The Minnesota House voted 74-58 Monday to raise the state gas tax for the first time in seven years and make future increases easier to come by. But opposition in the Republican-controlled Senate means a state-prescribed cost hike isn't likely at the gas pump anytime soon.
The House bill would increase various transportation-related charges by $1.3 billion over the next two years to pay for road and bridge construction, as well as mass transit projects.
Minnesota has only slowly chipped away at a mounting project backlog, said Rep. Frank Hornstein, DFL-Minneapolis and chair of the House Transportation Committee. He said the problem calls for a bold solution.
"We've cobbled together short-term plans that barely scratch the surface in terms of addressing our needs," he said during Monday's floor debate. "So we need a reliable, sustainable transportation funding system that can weather the storm of recession and budget deficits and to keep up with the needs of our growing state."
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A lot of the new money would come through a higher gas tax. It would rise 20 cents a gallon over four years and then be tied to inflation after that. The per-gallon tax is 28.5 cents now.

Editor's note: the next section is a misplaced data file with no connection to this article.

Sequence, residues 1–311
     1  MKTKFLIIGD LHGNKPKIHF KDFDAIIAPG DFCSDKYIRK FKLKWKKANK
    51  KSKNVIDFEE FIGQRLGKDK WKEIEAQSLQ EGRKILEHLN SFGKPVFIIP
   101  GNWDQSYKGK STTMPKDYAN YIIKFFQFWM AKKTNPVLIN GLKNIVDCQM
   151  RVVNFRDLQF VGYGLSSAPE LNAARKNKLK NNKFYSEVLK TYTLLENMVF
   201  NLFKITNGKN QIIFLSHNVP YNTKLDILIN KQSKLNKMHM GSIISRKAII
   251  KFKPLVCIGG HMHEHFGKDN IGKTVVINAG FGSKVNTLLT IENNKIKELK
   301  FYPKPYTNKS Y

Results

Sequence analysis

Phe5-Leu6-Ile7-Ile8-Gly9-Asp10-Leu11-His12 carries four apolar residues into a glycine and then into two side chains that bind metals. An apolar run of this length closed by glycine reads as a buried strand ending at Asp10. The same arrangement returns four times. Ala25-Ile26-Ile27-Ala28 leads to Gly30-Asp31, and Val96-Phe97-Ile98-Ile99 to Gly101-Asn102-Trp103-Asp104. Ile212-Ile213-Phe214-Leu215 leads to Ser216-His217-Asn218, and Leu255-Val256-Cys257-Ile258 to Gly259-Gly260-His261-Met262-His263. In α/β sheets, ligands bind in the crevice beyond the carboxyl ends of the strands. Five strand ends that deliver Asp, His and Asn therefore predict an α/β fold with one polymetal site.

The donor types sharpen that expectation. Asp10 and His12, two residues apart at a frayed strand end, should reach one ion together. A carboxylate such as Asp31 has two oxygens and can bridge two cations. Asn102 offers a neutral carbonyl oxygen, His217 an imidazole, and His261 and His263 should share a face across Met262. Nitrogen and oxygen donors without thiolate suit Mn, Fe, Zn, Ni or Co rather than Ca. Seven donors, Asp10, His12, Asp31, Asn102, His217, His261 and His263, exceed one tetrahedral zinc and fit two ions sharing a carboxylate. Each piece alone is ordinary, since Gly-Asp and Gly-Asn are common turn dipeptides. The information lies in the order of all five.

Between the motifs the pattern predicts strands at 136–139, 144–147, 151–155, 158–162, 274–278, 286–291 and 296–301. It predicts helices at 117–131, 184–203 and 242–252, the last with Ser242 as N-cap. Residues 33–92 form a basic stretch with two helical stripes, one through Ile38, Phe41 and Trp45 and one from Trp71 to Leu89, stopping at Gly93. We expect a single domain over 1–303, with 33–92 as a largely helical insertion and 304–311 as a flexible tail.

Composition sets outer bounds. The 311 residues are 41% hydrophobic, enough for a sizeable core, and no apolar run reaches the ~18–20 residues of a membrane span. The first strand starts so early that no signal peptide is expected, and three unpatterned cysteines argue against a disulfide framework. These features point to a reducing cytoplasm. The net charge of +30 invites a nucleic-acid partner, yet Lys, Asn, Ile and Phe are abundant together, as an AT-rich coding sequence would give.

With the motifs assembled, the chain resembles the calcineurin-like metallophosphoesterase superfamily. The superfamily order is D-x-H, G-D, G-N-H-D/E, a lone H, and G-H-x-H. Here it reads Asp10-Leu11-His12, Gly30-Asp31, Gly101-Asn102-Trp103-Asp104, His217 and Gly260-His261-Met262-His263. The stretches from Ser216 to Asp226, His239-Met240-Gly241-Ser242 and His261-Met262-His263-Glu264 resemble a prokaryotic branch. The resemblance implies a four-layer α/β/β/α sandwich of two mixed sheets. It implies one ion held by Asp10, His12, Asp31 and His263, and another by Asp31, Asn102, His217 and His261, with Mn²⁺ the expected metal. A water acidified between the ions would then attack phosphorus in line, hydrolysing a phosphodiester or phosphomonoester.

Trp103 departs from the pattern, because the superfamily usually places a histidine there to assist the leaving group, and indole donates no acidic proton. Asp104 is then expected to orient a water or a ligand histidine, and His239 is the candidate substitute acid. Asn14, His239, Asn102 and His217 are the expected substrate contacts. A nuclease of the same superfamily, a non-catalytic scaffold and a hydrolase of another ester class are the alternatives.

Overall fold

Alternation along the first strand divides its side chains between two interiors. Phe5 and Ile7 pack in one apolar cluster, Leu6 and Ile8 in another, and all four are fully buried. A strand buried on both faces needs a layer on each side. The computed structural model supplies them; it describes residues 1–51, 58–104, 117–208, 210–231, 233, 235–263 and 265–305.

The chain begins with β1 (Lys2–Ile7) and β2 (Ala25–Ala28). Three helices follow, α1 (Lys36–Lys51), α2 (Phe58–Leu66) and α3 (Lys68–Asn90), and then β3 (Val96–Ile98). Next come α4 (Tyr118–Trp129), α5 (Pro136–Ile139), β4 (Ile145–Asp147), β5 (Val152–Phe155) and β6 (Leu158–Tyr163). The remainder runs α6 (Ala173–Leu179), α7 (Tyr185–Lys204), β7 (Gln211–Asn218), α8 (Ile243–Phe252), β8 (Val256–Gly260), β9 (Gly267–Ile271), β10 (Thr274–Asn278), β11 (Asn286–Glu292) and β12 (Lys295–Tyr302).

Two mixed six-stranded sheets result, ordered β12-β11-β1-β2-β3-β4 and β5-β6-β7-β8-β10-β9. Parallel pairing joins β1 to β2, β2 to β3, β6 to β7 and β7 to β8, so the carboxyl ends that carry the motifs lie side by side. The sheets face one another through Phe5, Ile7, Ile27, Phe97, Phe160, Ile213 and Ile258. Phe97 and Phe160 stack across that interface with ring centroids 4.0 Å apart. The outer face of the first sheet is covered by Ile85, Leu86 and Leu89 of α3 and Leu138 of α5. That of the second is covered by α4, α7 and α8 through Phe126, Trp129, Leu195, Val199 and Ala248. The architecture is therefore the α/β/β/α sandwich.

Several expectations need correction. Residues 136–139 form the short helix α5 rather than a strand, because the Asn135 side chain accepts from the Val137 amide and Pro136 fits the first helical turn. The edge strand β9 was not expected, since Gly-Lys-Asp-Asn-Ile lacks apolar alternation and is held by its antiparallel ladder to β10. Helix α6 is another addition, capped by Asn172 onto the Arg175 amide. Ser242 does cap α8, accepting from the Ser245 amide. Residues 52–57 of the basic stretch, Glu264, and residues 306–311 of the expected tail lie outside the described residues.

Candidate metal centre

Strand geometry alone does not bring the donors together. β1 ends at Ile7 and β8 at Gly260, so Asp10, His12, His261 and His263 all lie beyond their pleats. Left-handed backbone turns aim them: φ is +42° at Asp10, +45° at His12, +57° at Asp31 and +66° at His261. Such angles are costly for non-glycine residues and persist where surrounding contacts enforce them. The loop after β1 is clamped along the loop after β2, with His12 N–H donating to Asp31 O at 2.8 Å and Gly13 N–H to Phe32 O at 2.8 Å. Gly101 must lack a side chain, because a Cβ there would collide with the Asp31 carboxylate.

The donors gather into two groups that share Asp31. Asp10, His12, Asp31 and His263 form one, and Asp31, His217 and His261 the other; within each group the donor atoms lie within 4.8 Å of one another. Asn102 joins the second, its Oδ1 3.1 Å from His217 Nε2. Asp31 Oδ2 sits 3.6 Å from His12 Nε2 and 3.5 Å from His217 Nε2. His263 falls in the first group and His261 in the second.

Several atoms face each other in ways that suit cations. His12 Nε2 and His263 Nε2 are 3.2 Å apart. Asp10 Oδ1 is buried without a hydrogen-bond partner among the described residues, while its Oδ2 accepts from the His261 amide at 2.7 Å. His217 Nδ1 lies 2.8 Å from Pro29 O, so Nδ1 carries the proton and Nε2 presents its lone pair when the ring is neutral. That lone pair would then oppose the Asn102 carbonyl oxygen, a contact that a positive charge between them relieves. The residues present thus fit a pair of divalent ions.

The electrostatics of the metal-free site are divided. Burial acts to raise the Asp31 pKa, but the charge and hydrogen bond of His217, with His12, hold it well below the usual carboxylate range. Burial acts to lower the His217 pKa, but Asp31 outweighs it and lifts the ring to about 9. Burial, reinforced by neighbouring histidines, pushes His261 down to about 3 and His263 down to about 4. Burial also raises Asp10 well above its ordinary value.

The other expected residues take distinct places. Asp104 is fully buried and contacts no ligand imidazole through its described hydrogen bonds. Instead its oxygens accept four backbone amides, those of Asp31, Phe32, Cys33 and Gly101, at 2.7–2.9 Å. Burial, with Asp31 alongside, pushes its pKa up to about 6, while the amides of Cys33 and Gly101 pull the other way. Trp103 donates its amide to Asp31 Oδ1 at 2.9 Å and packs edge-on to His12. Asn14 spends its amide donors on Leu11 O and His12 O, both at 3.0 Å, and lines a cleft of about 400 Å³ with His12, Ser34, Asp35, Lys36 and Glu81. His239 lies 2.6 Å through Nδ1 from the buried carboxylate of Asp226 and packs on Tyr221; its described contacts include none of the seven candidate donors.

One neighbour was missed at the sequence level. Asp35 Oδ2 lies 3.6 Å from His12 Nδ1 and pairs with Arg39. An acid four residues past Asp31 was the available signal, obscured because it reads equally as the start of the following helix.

Rep. Jon Koznik, R-Lakeville, said the transportation bill amounts to "highway robbery." He said Minnesota's transportation network can be repaired or expanded within existing resources rather than new taxes.
"And the Democrats want to tax you left and right on it — whether it's a gas tax, a sales tax and your tab fee increases. This bill moves Minnesota families in reverse," he said.
The proposal will struggle to make it the final mile.
Republicans have control of the state Senate and little interest in raising registration fees, sales taxes or, most of all, the gas tax.
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Senate Majority Leader Paul Gazelka, R-Nisswa, said the DFL's plan is not going anywhere.
"We have a bill that lowers the gas tax 20 cents. If we compromise between the 20 cents up and the 20 cents down, we're at a perfect spot — no gas tax increase," he said.
Lawmakers must come up with money for daily operations of the state transportation agency, State Patrol and the Metropolitan Council. But anything that supplies substantial new money for transportation projects is optional this year. So, lack of a deal could just push the debate into next year.
Correction (April 29, 2019): An earlier version of this story erroneously stated it was the first time the House has voted to increase the gas tax in five years.